Tag Archives: super nes

Columbus Circle rescues a lost soul from digital Purgatory

Japan-based Columbus Circle is mostly a seller of clone consoles and accessories for ancient hardware, but their greatest claim to keeping gaming’s history alive is the trio of brand-new Famicom games they’ve released over the last year. Yesterday, they announced their intention to continue on this track by publishing NCS’s Kaizō Chōjin Shubibinman Zero (sometimes spelled Schbibinman Zero). But unlike 8Bit Music Power and its ilk, this isn’t an all-new game: NCS, under their Masaya brand, originally released it for the Super Famicom in 1997. But it’s not a reproduction of the game’s initial print run, either. In fact, Shubibinman Zero has never had a physical release at all until now, originally debuting as a download title for Nintendo’s Satellaview service.

If you’re reading this, your knowledge of the Satellaview is probably passing at best; it did, after all, comprise a lot of moving parts and never see release outside Japan. The heart of it was a Super Famicom peripheral supported from 1995 to 2000 in a joint venture between Nintendo and radio company St.GIGA. St.GIGA would broadcast data for games and even digital magazines from their satellite servers, which the Satellaview unit would then download into a Memory Pack slotted into a custom Super Famicom cartridge, not unlike the Super Game Boy. The distribution model was comparable to Sega’s Sega Channel and also recalled the Disk Writer kiosks Nintendo had previously placed in stores throughout Japan, where players could download Famicom Disk System games to rewritable media. But the crucial difference with the Satellaview was that you could pull games out of thin air from the comfort of your own home… Just imagine!

Some Satellaview games were designed around a concept called SoundLink, where a game could only be played during a specific time slot each week, throughout which it would be accompanied by music and voice acting streamed live over satellite radio. The logistics of this made for a bit of a disjointed experience, with the player’s time limited by the length of the performance, but it was a fascinating experiment in relating the medium of games to the shared experience of tuning in to a weekly TV show.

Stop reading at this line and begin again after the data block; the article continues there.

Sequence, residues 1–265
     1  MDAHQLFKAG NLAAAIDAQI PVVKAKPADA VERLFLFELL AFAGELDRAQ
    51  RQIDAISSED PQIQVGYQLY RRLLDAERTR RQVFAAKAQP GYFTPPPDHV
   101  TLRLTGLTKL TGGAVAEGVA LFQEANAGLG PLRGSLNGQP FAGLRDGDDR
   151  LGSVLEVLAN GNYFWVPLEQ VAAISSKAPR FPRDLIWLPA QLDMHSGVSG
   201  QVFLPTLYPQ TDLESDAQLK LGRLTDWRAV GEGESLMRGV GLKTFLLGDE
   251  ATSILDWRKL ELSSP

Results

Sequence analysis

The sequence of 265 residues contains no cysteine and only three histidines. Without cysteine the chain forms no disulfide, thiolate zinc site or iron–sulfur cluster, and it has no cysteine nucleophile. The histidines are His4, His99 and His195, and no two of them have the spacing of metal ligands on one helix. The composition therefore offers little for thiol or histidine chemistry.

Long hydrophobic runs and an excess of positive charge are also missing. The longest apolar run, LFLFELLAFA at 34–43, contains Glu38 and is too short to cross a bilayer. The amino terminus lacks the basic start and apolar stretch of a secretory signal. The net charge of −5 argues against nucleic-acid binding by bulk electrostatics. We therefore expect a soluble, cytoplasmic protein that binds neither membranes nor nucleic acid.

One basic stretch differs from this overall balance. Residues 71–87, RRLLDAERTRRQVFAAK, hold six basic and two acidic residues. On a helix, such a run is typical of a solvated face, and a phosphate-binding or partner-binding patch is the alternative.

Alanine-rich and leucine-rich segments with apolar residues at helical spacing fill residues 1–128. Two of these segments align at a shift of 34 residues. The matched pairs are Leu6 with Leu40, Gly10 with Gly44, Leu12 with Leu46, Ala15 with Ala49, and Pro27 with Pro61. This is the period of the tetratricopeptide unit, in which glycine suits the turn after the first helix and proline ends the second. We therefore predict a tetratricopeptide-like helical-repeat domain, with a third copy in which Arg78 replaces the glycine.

In addition to the main Satellaview interface cartridge, some Satellaview-compatible games were released as slotted cartridges unto themselves, using the Memory Pack to download additional content such as new stages and modes. Nintendo is known for staying behind the curve technologically, but here they were doing DLC in 1995!

As you might begin to suspect, though, all these extra features have since made the Satellaview a game preservationist’s nightmare. All the modern anxieties surrounding the lifespan of digital games locked down to proprietary systems have already come to pass here, and then some. Many games survive in emulation thanks to their ROMs being dumped, but this still leaves out the content that was never in the ROM in the first place. More ephemeral aspects of the experience, such as the broadcast music and voice acting, only endure if someone in Japan thought to make a VHS recording back in the ’90s.

Shubibinman Zero, for better or worse, didn’t explore the Satellaview’s more esoteric possibilities. But like many downloadable games, it did come built-in with a limited number of uses, similar to demos on Wii U and 3DS. Once these games were booted up a certain number of times, they would be rendered inoperable until the player re-downloaded them, and Shubibinman Zero was only available in four scattered months between 1997 and ’98. After that, any Memory Pack loaded with it had its days numbered, effectively making emulation the only sound solution…until now.

As for the game itself? It’s a two-player co-op beat-’em-up platformer, the culmination of a series that steadily evolved from the late ’80s through the mid-’90s. (The second game was localized as Shockman for the TurboGrafx-16.) It’s a bit tonally ambiguous, never quite deciding if it’s a parody of the outlandish costumes and plots of the tokusatsu genre (even the title is a joke: Chōjin sounds like the Japanese word for “superhuman” but is written with the kanji for feudal Japan’s merchant class) or merely a cute but straightforward example of it. But the confusion seems to be part of the joke to some extent, as the cutesy aesthetic occasionally gets juxtaposed with the kind of gruesome visuals found in more hardcore NCS games like Gynoug. Zero, for its part, tends toward the more lighthearted side.